Pitru Paksha 2023: Meaning, Significance, Dates, Food Items To Avoid, All You Need To Know

by Vaishalee Kalvankar
Pitru Paksha 2023: Meaning, Significance, Dates, Food Items To Avoid, All You Need To Know

A 16-day lunar period known as Pitru Paksha is when Hindus honor their ancestors. This is done by offering them food, water, clothes and a small pooja.  It is also popularly known as the Shradh period. From meaning, significance, and dates, here is everything you should know about Pitru Paksha 2023. 

Pitru Paksha 2023: Significance, Date & More

Credits: Wikimedia Commons

It lasts from the full moon of Bhadrapada month to the new moon day of Ashwin month and is referred to as Shradh Paksha. This year, Pitru Paksha will begin on Friday, September 29, 2023, and go through Saturday, October 14, 2023.

According to a legend, when Kunti’s first child, Karna, passed away, he was taken to heaven. He was offered money and priceless gems. However, Karna told Indra that he preferred to have food and water and not these priceless jewels. After hearing this, Indra told Karna that throughout his entire life, he had never given food or water in the name of his forefathers. He only gave people gold and jewelry.

Karna responded that he was unaware of his forefathers because Surya Dev had blessed his mother with his existence. Then Karna was sent to earth to perform shradh for his forefathers. He offered them food and water. Since then, this 16-day period has been observed and is known as Pitru paksha.

Also Read: J&K’s Crowning Glory Gulmarg Witnesses Its First Snowfall Of The Season; Pics & Videos Inside

Satisfying Hunger And Thirst Of Ancestors

Credits: Wikimedia commons

According to the Garuda Purana, Shradh or Pitru paksha is extremely important in the first year after passing away. It is believed that the soul begins its journey to Yamapuri on the fourteenth day following death. It arrives there in 16 days. To get to Yamaraj’s court, the soul has to travel for an additional 11 months. According to legend, the soul or spirit is deprived of food, water, and clothing until it enters the court.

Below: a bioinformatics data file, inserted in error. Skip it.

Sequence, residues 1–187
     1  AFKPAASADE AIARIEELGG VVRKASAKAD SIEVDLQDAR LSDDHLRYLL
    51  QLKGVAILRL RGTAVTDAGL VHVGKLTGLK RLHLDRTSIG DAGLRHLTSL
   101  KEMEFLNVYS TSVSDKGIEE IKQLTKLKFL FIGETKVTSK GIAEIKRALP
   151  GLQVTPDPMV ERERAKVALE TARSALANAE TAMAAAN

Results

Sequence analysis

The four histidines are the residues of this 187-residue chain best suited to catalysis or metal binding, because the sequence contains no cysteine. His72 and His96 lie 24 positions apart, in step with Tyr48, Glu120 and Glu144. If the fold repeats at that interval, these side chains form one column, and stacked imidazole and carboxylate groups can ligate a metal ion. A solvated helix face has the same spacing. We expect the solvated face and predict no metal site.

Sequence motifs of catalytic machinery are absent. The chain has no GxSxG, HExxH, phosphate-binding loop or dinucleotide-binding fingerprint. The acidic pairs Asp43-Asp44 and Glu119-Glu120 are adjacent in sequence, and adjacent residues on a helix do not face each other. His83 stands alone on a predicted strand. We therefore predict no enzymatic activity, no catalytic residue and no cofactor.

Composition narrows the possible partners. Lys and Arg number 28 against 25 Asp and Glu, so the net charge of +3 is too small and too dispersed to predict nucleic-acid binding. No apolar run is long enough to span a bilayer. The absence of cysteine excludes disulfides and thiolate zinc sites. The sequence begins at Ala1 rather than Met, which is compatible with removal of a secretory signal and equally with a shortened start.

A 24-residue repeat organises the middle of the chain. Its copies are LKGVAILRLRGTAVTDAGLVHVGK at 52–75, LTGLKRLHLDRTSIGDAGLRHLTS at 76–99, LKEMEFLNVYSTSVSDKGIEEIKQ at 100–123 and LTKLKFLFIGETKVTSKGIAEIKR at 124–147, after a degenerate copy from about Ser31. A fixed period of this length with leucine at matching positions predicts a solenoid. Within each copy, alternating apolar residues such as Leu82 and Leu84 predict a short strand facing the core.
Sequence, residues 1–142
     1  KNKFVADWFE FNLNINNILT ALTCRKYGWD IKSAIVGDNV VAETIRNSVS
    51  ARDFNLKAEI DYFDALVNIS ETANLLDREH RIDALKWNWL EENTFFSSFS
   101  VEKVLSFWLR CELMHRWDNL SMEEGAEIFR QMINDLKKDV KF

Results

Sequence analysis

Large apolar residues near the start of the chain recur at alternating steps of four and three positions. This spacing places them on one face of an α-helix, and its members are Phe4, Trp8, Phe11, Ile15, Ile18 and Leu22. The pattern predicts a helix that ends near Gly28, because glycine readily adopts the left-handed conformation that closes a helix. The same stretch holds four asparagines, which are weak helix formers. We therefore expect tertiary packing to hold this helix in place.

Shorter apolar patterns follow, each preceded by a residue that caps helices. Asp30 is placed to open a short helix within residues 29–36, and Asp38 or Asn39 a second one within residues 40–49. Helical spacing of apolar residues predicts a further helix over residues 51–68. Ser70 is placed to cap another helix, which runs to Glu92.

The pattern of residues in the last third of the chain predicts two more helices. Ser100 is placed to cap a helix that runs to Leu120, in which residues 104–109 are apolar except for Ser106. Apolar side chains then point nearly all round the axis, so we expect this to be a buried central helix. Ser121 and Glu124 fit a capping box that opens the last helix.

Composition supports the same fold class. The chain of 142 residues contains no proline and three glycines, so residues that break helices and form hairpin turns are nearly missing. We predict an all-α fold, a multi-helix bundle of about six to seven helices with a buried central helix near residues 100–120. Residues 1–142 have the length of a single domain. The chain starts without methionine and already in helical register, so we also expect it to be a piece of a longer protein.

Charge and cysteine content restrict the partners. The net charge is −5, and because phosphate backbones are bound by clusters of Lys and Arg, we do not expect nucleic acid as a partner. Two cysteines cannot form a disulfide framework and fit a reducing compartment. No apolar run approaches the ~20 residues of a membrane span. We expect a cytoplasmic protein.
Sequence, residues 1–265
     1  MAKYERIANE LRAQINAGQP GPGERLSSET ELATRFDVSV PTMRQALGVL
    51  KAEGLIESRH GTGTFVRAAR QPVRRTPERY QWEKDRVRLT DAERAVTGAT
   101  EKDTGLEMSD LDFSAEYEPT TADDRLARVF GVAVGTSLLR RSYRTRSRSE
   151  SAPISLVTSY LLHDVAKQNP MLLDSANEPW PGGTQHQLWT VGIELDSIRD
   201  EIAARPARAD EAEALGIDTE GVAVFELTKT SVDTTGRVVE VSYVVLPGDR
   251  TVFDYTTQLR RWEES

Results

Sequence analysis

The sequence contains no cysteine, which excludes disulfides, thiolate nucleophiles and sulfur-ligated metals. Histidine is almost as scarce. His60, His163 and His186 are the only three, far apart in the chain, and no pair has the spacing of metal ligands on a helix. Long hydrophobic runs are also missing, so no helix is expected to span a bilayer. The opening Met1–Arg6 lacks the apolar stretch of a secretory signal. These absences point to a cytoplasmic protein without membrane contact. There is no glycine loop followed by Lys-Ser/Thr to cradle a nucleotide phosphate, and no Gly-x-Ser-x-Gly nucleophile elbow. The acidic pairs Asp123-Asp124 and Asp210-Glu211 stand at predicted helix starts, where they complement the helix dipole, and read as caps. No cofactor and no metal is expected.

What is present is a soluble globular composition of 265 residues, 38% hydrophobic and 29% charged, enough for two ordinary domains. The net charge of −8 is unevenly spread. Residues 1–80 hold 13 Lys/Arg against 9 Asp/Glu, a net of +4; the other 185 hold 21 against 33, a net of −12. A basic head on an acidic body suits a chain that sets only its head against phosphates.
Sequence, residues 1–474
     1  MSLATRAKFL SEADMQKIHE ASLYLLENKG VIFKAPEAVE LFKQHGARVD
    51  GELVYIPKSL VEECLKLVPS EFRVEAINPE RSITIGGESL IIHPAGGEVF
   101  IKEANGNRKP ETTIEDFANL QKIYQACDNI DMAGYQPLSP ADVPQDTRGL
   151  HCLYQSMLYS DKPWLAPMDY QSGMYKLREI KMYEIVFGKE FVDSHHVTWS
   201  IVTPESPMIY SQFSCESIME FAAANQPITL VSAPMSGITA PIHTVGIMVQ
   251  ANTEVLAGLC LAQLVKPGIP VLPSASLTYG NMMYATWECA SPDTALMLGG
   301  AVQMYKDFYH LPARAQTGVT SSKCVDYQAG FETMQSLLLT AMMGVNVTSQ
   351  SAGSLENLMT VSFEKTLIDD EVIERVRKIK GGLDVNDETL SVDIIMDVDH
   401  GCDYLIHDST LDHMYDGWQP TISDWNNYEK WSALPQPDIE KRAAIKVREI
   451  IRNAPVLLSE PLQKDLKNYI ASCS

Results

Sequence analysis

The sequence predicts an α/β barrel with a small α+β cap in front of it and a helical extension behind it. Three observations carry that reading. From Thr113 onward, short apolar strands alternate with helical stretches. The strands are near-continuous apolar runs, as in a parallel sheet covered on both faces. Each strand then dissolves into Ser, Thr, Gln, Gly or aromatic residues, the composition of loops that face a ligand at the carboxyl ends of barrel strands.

The male family member who does the shradh puja is typically the eldest son or male family member. Both a karta (the doer) and a pandit (the priest) must take part in the shradh. The puja begins with a pandit performing a havan at their residence. After this, rice is served to the deceased. There are also meals served to the pandits.

Dakshina and Daan are given to the pandit and poor, needy people at the end of the puja. Crows, dogs, and cows are also given a portion of the prepared food as a ritual. The shradh rituals are carried out on Amavasya, the final day of the shradh, if no one knows the deceased’s date or tithi. The food offerings, daan and tarpan, are a way to satisfy the hunger and thirst of the deceased. 

Food items that should not be consumed during this period!

  • Onion
  • Garlic
  • Black salt
  • Alcohol
  • Tobacco
  • Leftover food
  • Non-vegetarian food
  • Raw vegetables
  • Pulses
  • Wheat

Also Read: From Sauvignon Blanc To Pikes Traditionale Riesling, Try These Award-Winning Australian & New Zealand Wines

What are the rituals followed at your place?

Cover Image Courtesy: Canva